Arts & Entertainment, Writing
Structure and Form
Lesson time 17:46 min
Some of Joyce’s experimental approaches to structure include considering the shape of a story on its first page and writing a one-sided dialogue. She reads from her story “Heat.”
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Topics include: Be Bold With Form · Experiments in Structure: “Heat" · Assembling Structure Like Memories · Write Visual Art
[MUSIC PLAYING] JOYCE CAROL OATES (VOICEOVER): It's very exciting to experiment with structure. I think that many stories are best told in some elliptical way or some unusual way. - There's only one rule of show business or writing, and that's don't be boring. So anything that you can do that's interesting, and novel, and keeps an audience engaged, almost anything you can do that's not boring will be successful. Like you could have a story that was just all the beginning. Now, I've never tried that. Just a story that kept having a beginning, but never went anywhere. But yet, it could have its own ending that would be very experimental, and it couldn't be too long. You could have a story that was just the middle. You could have a story that was just final paragraphs. I've asked my students sometimes to do a story that was just a description of the scene, where you're setting the scene very carefully for a story, using really good descriptions and really original metaphors, but then that's the story. The whole story is setting the scene. So that would be experimental. I've seen a story by somebody who's younger brother died of a drug overdose, and they didn't know he was even a drug addict. It was a shock because no one knew he was taking heroin. So he reported his death. So people in the family are so stunned by this, they just keep remembering when they last saw him, and did they have any hint? You know, people are always saying, oh, we had no hint. When people commit suicide, everyone said I had no idea. Or well, I might have had an idea. Or that's my fault. I didn't help. Or I didn't know what I could have done. All these thoughts lend themselves to a kind of like question and answer. You could have a whole story that was a questionnaire. I probably have done that. You know, a question, a answer. Okay, that would that be a nice story for a writer who wants to experiment. A story in a question and answer mode. Another story could be just the answers. I once wrote a story that was answers. Like the question, you don't see. You just see the answers, and that was fun to do. So I recommend for any story that you have that you like that you're haunted by-- to find some unusual way of telling it. Some experimental writers like Donald Barthelme, Robert Coover, and John Barth, have done all sorts of wild things. I once wrote a short story that was just notes to contributor-- contributors. You know, at the end of a magazine, I have notes on contributors. So my story was called "Notes on contributors," and it was in the magazine. So when people who read the magazine thought that was the notes on the contributors, but it really wasn't. It was a short story. But anybody could do that. I mean, that's something that somebody else could try. Notes are on contributors. I think it'll be really great for a new writer or a young writer to say to herself or himself, I'm going to write a series of prose works so original and novel that there'...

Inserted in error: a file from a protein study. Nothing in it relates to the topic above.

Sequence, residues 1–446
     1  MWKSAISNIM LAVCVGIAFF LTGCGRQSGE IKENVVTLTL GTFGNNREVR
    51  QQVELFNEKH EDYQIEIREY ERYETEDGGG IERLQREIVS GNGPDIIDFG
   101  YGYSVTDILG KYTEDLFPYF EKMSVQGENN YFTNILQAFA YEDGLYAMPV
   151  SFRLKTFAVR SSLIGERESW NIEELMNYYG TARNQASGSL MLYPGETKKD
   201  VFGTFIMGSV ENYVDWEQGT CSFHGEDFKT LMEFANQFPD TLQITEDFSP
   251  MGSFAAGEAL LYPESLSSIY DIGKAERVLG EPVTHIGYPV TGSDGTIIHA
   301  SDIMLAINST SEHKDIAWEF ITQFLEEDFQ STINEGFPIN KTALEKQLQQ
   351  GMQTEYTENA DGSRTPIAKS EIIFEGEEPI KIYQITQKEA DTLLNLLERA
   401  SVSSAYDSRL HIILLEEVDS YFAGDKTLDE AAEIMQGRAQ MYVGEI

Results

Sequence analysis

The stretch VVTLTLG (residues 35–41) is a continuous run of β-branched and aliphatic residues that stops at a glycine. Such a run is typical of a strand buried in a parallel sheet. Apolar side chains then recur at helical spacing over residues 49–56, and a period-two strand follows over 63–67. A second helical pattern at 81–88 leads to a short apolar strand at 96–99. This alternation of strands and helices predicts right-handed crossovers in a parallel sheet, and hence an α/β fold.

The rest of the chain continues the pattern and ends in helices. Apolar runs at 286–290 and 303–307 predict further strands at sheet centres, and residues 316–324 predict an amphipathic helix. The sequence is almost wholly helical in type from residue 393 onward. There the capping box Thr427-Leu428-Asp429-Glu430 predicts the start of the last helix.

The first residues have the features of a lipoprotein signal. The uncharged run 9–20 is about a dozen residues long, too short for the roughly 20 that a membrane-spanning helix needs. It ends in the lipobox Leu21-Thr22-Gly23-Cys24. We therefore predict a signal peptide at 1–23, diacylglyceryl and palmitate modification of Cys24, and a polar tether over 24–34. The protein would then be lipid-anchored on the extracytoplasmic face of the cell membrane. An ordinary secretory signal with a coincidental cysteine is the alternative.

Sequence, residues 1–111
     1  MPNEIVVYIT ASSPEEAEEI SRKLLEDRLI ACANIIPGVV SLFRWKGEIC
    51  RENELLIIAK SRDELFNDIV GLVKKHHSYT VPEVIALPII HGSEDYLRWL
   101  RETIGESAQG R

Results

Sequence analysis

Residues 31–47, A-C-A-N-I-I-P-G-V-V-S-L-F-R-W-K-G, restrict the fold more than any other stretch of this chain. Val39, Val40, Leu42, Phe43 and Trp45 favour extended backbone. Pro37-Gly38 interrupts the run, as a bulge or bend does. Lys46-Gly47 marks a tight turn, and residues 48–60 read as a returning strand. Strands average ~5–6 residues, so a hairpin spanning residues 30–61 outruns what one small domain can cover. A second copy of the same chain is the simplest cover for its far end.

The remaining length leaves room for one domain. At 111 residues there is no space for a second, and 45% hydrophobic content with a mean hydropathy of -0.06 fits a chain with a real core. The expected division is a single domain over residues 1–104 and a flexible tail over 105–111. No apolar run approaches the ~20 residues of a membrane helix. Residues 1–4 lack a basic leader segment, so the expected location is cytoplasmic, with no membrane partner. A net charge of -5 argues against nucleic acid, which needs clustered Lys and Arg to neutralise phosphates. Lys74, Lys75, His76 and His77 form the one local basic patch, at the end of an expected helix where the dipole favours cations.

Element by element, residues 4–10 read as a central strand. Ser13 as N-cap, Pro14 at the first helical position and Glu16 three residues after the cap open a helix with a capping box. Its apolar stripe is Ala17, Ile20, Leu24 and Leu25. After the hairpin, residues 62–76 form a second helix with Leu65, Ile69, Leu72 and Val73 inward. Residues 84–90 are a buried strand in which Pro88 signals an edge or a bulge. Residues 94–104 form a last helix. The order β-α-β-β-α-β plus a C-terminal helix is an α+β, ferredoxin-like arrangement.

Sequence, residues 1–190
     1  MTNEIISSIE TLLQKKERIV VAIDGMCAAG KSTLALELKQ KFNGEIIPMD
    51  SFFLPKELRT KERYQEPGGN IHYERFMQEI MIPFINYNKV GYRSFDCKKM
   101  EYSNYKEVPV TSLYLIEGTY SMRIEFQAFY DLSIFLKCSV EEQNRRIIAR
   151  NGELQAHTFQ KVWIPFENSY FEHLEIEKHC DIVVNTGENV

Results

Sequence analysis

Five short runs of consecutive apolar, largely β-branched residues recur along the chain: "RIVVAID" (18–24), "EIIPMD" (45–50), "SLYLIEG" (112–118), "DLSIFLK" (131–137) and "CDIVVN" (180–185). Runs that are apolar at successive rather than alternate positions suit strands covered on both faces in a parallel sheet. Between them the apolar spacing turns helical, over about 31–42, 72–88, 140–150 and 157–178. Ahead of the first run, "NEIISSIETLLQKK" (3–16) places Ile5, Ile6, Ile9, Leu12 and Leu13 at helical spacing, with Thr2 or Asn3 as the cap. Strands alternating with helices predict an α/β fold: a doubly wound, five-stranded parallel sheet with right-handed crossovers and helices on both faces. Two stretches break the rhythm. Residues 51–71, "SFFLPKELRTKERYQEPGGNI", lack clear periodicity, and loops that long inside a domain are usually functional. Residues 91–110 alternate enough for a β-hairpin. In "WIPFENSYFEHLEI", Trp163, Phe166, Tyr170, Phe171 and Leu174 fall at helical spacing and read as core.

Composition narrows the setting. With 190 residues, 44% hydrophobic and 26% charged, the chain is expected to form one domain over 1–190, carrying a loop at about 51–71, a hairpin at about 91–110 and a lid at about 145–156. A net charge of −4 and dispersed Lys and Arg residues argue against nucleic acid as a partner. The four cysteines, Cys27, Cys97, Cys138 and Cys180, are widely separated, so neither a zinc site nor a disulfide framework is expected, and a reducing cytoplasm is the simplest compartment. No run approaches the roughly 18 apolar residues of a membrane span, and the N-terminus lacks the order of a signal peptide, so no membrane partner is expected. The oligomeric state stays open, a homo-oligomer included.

About the Instructor
The author of some of the most enduring fiction of our time, Joyce Carol Oates has published 58 novels and thousands of short stories, essays, and articles. Now the award-winning author and Princeton University creative writing professor teaches you how to tap into your storytelling instincts. Find ideas from your own experiences and perceptions, experiment with structure, and improve your craft, one sentence at a time.
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Joyce Carol Oates
Literary legend Joyce Carol Oates teaches you how to write short stories by developing your voice and exploring classic works of fiction.Explore the Class